In 15 months the great Colorado pot experiment has continually surprised everyone of its economic prowess. And by surprised I mean no one is surprised by this because well–it’s weed.
Last year, I wrote that for all the debate over health and societal concerns, as the marijuana industry grows it will change Pueblo’s economy in unimaginable ways. Ways where renewable energy, tech and aerospace, and tourism have painfully languished.
Now with it comes another concern–becoming ‘Pot Town, Pueblo’. Those in favor of expanded marijuana growth say Pueblo should become the Amsterdam of Colorado and capitalize on this economy. Those opposed to it say it will hurt the image of Pueblo, hurt other industries, stop jobs from relocating here, and create a stigma Pueblo can’t shake.
Yet, problems faced by economic development and tourism are the same issues the cannabis industry will face after its initial growth surge wears off. The difference here is a race to see if the marijuana industry grows so large, quickly, it creates its own second and third tier jobs, entrepreneurship and new economies.
Or, in plain English. People get money. They spend money thereby increasing sales tax revenue. Get more money. Buy a new car or a new home. Their spending increases sales and property taxes. Get even more money. Start new businesses, retail or industry, pay workers better, and develop commercial properties. So, more sales, property taxes and land value increases. At the top of the money pile are investors of start-ups, directors of capital investments, and donors to local charities. More businesses, more sales tax, higher land values, more opportunities, more capital.
In a growing economy there are more entertainment options for young job seekers to be enticed by a city. Retirees have more disposable income to give for charitable work. Families have better parks and schools. Public services have more money.
This is the entire theory behind the half-cent fund. Bring in businesses, where non-Pueblo dollars are paid to Pueblo workers to buy homes and cars, and get paid more with a stable job, thus, increasing the standard of living.
At month 15, it’s too early to say if the marijuana industry is generating these types of secondary benefits such as more urban living options and with it restaurants, arts and culture, nightlife and recreational options. We may not see this for some time. But right now there is no debate that the marijuana industry is generating even more marijuana industry and with it a windfall of taxes.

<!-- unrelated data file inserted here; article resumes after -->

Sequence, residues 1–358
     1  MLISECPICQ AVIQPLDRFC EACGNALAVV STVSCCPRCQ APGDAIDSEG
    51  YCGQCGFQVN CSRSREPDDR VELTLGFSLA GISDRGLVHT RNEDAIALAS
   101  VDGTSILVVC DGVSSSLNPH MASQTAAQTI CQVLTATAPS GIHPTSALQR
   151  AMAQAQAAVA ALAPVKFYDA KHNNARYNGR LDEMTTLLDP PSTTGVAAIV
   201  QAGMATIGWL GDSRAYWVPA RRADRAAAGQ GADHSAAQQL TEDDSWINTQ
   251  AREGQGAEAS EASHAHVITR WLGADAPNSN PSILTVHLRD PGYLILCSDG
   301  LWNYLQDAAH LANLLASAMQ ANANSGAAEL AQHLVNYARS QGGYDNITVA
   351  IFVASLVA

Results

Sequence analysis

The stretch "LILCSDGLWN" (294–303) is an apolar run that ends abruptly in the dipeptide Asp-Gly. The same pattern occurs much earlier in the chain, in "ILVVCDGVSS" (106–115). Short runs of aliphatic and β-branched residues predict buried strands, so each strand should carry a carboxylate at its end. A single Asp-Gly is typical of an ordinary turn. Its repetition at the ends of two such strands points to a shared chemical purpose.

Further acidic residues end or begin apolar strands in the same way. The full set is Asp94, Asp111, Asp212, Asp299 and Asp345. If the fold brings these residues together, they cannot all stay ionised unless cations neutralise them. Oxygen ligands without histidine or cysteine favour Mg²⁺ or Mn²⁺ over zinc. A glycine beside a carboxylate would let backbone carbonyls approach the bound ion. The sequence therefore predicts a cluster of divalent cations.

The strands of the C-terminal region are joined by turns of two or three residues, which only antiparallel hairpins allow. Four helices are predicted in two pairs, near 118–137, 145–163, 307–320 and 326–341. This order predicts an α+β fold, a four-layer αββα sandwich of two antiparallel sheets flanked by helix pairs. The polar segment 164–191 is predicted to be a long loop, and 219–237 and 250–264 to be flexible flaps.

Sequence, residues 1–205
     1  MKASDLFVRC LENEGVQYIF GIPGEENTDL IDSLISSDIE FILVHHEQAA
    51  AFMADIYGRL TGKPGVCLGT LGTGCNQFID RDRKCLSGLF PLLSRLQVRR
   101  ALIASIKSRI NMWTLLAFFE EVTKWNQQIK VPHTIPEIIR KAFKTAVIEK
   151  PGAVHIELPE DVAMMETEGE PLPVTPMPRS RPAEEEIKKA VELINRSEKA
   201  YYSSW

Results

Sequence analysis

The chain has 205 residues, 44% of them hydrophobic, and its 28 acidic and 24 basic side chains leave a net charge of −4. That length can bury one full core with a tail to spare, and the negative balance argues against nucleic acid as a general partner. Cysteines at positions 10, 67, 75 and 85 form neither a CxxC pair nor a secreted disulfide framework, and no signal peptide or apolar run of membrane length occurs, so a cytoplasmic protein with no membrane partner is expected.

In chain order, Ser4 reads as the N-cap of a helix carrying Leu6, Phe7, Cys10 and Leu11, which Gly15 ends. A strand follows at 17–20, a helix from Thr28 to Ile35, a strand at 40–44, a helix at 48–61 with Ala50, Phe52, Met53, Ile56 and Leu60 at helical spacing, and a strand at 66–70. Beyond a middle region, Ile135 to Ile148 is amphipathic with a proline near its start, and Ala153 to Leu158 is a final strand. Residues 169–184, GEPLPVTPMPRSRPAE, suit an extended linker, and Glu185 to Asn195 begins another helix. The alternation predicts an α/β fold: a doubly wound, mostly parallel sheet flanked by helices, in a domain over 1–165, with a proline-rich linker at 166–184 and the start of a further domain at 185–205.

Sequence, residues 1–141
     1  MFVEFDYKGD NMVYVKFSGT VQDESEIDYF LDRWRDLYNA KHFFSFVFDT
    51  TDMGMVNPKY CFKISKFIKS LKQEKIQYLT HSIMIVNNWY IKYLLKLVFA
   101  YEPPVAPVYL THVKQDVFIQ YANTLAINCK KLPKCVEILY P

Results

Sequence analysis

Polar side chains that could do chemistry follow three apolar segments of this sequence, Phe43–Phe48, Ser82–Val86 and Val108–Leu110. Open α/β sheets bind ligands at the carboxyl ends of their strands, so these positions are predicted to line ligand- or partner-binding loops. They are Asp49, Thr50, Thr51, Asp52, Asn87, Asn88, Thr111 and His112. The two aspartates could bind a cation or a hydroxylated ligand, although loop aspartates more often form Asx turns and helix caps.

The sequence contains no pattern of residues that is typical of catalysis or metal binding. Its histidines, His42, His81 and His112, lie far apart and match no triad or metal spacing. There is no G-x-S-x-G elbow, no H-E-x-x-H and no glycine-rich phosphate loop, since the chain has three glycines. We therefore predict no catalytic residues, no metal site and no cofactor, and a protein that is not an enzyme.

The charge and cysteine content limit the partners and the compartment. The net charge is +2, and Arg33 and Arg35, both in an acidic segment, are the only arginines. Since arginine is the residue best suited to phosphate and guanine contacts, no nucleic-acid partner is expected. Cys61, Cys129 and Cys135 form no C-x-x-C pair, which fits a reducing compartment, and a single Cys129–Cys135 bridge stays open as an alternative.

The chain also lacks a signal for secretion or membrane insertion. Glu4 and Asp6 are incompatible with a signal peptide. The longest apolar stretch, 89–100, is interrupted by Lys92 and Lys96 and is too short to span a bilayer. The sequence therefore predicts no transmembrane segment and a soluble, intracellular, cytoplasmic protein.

On the other side of the boom is the fear that Pueblo will gain a marijuana stigma it will never shake, hurt economic development and tourism, thus, hurting the region. Or we become so attached to the tax monies, that on the outside chance marijuana becomes illegal, Pueblo’s economy crashes again.
If Pueblo is in danger of becoming a pot town it is not because of pot, rather Pueblo is absent of other options to rival this growth.
Just the other day, a friend told me of a business in Boulder that has a 420 friendly policy. It is a tech business. Its entry level position pays similarly to a “high-paying job” from UTC Aerospace Systems at $45,000 which PEDCO recruited earlier this year.
We aren’t Boulder, of course, but in that little statement is inherent threat of both the pro-cannabists and the Pueblo economic development crowd. Pueblo is competing not against, La Junta, Goodland, Kansas, or Casper, Wyoming. Pueblo doesn’t live in a vacuum where other similarly sized cities are competing for our jobs, but we have the sticky stuff.
Santa Fe and Taos have art. Florence has antiques. The upper Arkansas region has tourism. Denver has the western metropolitan life. Ft. Collins and Boulder have entrepreneurship and tech industries from their university systems.
So when Pueblo City Council Dennis Flores tells KRDO, we just need a way to keep tourists here for five days. Or when someone tells me Pueblo is going to turn into new Amsterdam, How? Show us your work on this because we all benefit.
What do we have to offer that makes us unique and competitive on some level to all the places I mentioned? How are you going to get tourists, even pot tourists to come to Pueblo? How are you going to improve the quality of living so we attract those who want to stay here?
I don’t think these are rhetorical, cynical questions. But it does create interesting bedfellows as both economic development and the marijuana industry attempt to grow the local economy.
Answer these questions and no longer will the Steel City be worried about becoming a pot town because at that point, and just like Boulder, even with marijuana, we’ll have more than just marijuana.
And to further complicate this predicament, as more states legalize marijuana that’s only going to increase demand increasing Pueblo’s marijuana production strengthening the economy.